The holiday season is upon us! Okay, I’m a *little* early to the party, but you know your radio stations will soon be blasting those holiday songs 24/7, and every shopping store will be filled with holiday razzle-dazzle. What does the holiday season have to do with fitness, running, and nutrition? Um, EVERYTHING! Luckily, your coach will help you get through the holiday season without gaining a ton of lb.s, or feeling like a couch-potato.

First off, let’s all get a little real: whether you want to or not, we ALL will be tempted to gorge ourselves on Thanksgiving. Most likely, we will all do the same thing at office parties, holiday parties, family events – between Thanksgiving and New Years Eve. That’s a lot of days of pigging out. All the pigging out WILL make you gain weight. So, what can you do other than accept the added lb.s and dig out your fat pants? I have a few tips that will keep you sane, and allow you to enjoy some tasty treats too!

If it hasn’t become clear at this point, I LOVE FOOD. I love to eat, bake and cook. So the holiday season is one of my favorites. In fact, I am usually that person who arrives at parties with home-made baked goodies, chocolate covered pretzels, peppermint and heath bark, pies – I embrace the holiday goodies! Personally, I know I’ll gain a few lb.s, but I also know I am okay with that and am quick to drop them as soon as the holiday season is over. That being said, I pick and choose my indulgences.

For example: for me, Thanksgiving and Christmas are “no rules” days. I eat whatever I want and as much of it as I can stuff in my face. But besides those two days, I pick and choose at holiday events. I *try* to stick to snacks that are high in protein (like shrimp cocktail, cheese, a handful of nuts) or veggies and dip or fresh fruit. I avoid anything cooked, baked, or otherwise calorically dense. This way I can graze at a party, still eat, without leaving every party feeling more and more round.

I also stay active during the holiday season, and love running or hitting the gym when the cool, crisp air hits New York City. Being active means I can indulge without gaining as much weight as if I were just sitting on my butt all day. Get outside a run a Turkey Trot, or Jingle Bell Jog with your family! Or go for brisk walks, or run with friends and families. Trust me, that yummy food will taste even better after some exercise!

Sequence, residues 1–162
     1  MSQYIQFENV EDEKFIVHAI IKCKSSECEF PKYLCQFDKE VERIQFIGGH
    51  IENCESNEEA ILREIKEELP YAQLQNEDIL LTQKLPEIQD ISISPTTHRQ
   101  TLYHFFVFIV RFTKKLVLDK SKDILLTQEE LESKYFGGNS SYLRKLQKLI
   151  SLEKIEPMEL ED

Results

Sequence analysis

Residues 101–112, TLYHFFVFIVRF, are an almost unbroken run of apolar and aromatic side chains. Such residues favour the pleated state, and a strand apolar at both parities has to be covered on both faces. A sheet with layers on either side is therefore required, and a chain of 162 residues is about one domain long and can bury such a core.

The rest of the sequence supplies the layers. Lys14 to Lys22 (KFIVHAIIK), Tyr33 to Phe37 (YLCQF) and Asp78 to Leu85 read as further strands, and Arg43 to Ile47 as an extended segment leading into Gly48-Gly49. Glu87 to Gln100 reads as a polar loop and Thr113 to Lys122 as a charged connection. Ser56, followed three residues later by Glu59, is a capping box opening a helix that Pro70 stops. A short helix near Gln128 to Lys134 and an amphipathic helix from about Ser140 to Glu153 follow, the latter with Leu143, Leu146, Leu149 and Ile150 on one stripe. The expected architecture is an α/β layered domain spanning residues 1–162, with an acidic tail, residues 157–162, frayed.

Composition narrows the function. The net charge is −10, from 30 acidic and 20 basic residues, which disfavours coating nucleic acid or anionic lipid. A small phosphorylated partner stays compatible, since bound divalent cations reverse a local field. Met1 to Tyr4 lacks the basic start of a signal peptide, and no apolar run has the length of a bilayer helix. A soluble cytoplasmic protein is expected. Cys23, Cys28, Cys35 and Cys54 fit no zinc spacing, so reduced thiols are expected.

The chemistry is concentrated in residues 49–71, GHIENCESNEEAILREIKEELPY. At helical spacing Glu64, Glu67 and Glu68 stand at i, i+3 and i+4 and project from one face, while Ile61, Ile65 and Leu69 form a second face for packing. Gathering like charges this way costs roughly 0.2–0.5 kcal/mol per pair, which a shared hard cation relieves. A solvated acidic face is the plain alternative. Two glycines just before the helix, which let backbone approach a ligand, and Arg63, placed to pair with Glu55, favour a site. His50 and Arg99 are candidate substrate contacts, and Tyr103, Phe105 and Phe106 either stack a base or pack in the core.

Booze cupcakes. YUM.

Booze cupcakes. YUM.

To balance out those parties (let’s face it – sometimes I DO eat tons of the bad stuff at a party!) I load my diet with seasonal, nutritious foods – like baked sweet potatoes, butternut squash soup, lentil soup, and other “comfort foods” that are full of good-for-you calories. These things will also help keep your immune system happy when lots of colds go around.

If you are trying to LOSE weight during the holiday season, best of luck! My advice is to stay as active as possible, and to minimize the amount of holiday parties you attend, to reduce temptation. I know, missing social events sucks, but unless you walk in there with self control made of steel, you are not doing yourself any service. Signing up for a race or fitness goal (maybe a bikini body for a January trip to the Caribbean?), can also keep your eye on the prize and your focus on what happens AFTER those yummy, tempting noshes are history.

And remember, a few lb.s aren’t the end of the world – especially if you are already fit. Pick and choose your battles, and you’ll get to 2014 without any extra weight, and some yummy holiday indulgences too.

Seasonal Noshes – Autumn Edition

PumpkinsIf you live in the northeast, you have said goodbye to Summer and have taken out your comfy sweaters. As blueberry season has come and gone, there are some great seasonal foods that are yummy, filling, good for you, and comfort-food like.

Here are some of my favorites:

Sweet potatoes – incredibly nutrient-dense, easy to bake whole or slice and bake in olive oil and topped with some parmesan cheese.

Butternut Squash – great for soup, roasting, and more. Easy to store, nutrient dense, and savory.

Apples – I love to toss some peanut butter on fresh apples after a workout, or before a workout. Sweet, crisp, and the peanut butter adds some protein and good fat.

Pears – refreshing, sweet, and a great snack. Just be careful when packing a pear to go, as they bruise easily.

Pumpkins – so fun to bake with! I love making pumpkin pancakes, but you can find recipes for pumpkin muffins, ravioli, and more!

Apple cider – drink it chilled, warm it on top of the stove, toss in a cinnamon stick, or spike it for an “adult twist” – it’s delicious a million ways!